Some readers may recall I had a genial if pointed exchange in the cyber-pages of Salon last November with University of Maryland professor Tom Schaller about his hypothesis, broadcast in his recent book Whistling Past Dixie, that Democrats need to not only write off the South, but maybe spit at it now and then.I’ve now engaged in another exchange at Salon in response to a Schaller post spitting at Harold Ford as the soon-to-be chairman of the DLC. This is a less genial exchange, insofar as I think Schaller is abandoning the rigorous empiricism of his case against Dixie, and indulging himself in a predictable, audience-pleasing, paint-by-the-numbers assault on the DLC. You’d think a guy who’s obsessively worried about Democrats playing into implicit southern racism might be impressed by an organization like the DLC choosing an African-American chairman; but no–Schaller comes pretty close to implying that Harold Ford himself is some sort of reincarnation of the Dixiecrats. And then there’s his whole weird thing about Bill Clinton as the reincarnation of Grover Cleveland…. well, check it out yourself.I have to say at this point that I am exceptionally weary about the amount of time I seem to be spending online defending the DLC, and defending the Clinton tradition in Democratic politics. I don’t think the DLC has any sort of monopoly on political wisdom, and I also understand the misgivings many sincere progressives have about Clinton and his legacy. But so long as people keep attacking the DLC and Clinton for things they did not do, do not say, and don’t stand for today, while wilfully ignoring what they did, what they say, and what they stand for today, then I guess I’ll keep on keeping on, at the expense of whatever little bit I can contribute to a common progressive debate. I’m loyal and stubborn that way. I hope you are too.
TDS Strategy Memos
Latest Research from:
By Ed Kilgore
After absorbing a lot of Democratic gloom-and-doom about the midterms, I offered some silver lining at New York:
The 2022 midterms don’t look great for Democrats, who will try to buck history by hanging on to super-slim congressional majorities. Thanks to the particular lay of the land, Democrats have a decent chance of maintaining control of the Senate. But the House? Not so much: The two times since the New Deal when the president’s party won net House seats in a midterm (1998 and 2002), the president in question had sky-high job-approval ratings. Even if you believe Joe Biden’s plunge in popularity has been stemmed or even turned around a bit, he’s not going to have 60 percent-plus approval in November 2022 unless really crazy things happen. There’s just too much partisan polarization for that these days.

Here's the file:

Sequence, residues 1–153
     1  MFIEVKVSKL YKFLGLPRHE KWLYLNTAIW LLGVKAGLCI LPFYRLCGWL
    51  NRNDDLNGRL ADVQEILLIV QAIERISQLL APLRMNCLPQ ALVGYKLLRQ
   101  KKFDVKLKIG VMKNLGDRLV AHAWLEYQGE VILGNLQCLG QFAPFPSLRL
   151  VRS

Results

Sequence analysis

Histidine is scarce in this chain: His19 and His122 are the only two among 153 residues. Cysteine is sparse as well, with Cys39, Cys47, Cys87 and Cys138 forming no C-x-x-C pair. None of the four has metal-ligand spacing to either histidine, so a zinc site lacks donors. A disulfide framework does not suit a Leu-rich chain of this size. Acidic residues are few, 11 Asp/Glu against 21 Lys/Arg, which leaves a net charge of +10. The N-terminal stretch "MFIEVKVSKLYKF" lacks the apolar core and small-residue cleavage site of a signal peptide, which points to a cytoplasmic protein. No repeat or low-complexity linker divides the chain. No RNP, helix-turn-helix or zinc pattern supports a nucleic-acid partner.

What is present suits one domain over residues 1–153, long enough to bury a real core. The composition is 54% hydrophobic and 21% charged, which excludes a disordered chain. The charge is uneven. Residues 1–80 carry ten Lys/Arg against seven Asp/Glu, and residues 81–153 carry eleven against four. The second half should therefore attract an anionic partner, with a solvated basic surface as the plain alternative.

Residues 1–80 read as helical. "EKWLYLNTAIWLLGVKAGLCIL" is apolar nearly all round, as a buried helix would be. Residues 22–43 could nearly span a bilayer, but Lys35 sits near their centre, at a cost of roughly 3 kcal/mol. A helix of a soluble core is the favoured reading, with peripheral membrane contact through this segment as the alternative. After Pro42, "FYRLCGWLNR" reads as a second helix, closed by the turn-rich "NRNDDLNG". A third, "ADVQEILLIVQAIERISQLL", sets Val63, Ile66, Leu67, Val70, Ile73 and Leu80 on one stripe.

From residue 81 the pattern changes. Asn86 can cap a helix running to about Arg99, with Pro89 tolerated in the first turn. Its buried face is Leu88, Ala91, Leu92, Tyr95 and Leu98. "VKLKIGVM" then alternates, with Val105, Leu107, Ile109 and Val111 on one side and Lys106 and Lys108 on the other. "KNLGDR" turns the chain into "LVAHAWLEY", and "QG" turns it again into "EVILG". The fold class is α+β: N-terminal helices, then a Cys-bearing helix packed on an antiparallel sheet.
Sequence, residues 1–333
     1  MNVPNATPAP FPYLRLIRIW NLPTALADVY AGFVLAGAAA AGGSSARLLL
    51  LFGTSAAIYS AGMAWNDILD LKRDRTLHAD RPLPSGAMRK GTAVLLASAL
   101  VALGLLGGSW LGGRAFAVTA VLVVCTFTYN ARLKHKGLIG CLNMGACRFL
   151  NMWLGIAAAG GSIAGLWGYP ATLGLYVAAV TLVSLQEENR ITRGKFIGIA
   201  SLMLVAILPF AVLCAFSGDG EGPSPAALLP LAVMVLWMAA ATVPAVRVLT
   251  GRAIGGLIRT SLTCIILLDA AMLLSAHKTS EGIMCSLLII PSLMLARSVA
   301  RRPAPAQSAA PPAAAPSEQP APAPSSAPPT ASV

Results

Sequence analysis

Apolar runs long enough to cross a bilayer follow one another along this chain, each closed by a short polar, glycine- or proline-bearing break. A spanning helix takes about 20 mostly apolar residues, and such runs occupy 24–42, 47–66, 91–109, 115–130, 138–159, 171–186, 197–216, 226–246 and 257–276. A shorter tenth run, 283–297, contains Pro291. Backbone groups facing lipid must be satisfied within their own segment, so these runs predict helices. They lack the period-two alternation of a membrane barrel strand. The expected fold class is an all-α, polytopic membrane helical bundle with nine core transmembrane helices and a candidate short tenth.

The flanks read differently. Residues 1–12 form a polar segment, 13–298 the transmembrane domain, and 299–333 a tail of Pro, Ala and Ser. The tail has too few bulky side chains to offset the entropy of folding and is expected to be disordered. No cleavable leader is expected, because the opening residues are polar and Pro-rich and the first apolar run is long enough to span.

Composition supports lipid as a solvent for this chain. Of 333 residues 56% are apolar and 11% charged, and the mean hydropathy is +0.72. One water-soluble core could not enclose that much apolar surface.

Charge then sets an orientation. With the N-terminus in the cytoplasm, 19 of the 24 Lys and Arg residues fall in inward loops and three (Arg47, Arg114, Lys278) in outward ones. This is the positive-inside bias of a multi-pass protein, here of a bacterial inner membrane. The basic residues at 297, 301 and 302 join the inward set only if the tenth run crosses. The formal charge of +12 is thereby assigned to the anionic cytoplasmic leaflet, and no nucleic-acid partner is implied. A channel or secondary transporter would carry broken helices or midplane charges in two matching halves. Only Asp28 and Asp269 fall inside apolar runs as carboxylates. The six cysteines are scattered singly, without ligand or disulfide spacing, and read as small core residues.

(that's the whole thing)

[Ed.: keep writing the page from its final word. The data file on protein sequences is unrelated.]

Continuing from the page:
Thankfully for Democrats, even if they lose their congressional majorities next year, Biden himself won’t be an underdog for reelection in 2024. After all, the last two Democratic presidents were reelected after historically terrible midterms. Democrats lost 54 U.S. House seats in 1994 and 63 in 2010. Yes, they had bigger majorities going into those elections than Democrats have now. But they lost the national House popular vote by an identical 6.8 percent in both midterms, which is pretty bad, particularly since Democrats suffer from a voter-inefficiency problem in House elections (too many voters concentrated in too few districts).
It’s possible for a president’s party to lose a midterm so badly that bouncing back in the next cycle is all but impossible. Consider the man whose unique comeback accomplishment Donald Trump will be emulating if he runs in 2024, Grover Cleveland. The president Cleveland defeated in an 1892 rematch, Benjamin Harrison, was a Republican whose party lost an incredible 93 House seats in the 1890 midterms. This, mind you, was at a time when the House had only 332 members, which means the GOP lost over half their caucus in one cycle (an even worse percentage than in 1894, when Democrats lost a record 125 House seats during the midterm after Cleveland’s comeback triumph). In this era of polarization, nothing like that is going to happen to Democrats in 2022.
Looking more broadly at the power of incumbency, there have been 13 sitting presidents since World War II who were on the general election ballot. Nine of them won. The four losers all faced special circumstances. Gerald Ford had not previously been elected to anything more than the U.S. House; he ascended to the vice-presidency and then the presidency when disgraced predecessors resigned, and he pardoned the president who appointed him, the especially disgraced Richard Nixon. Jimmy Carter was caught up in a historical realignment that he had held off four years earlier by carrying his native South, which then resumed a massive Republican trend. George H.W. Bush suffered from a terrible economy but then also a party split (third-party candidate Ross Perot won a lot of previously Republican voters). And we all know about Donald J. Trump, who was impeached twice and seemed determined to offend swing voters.
In retrospect, what’s most remarkable is that Ford and Trump very nearly got reelected despite their handicaps, exhibiting not the weakness but the strength of incumbency. And it’s with that perspective that any early handicapping of a potential 2024 rematch should be considered. Trump benefited from incumbency in 2020, as will Biden in 2024. So the idea that the 45th president has some built-in advantage over the 46th — absent the renewed election coup so many of us fear — doesn’t make a lot of sense.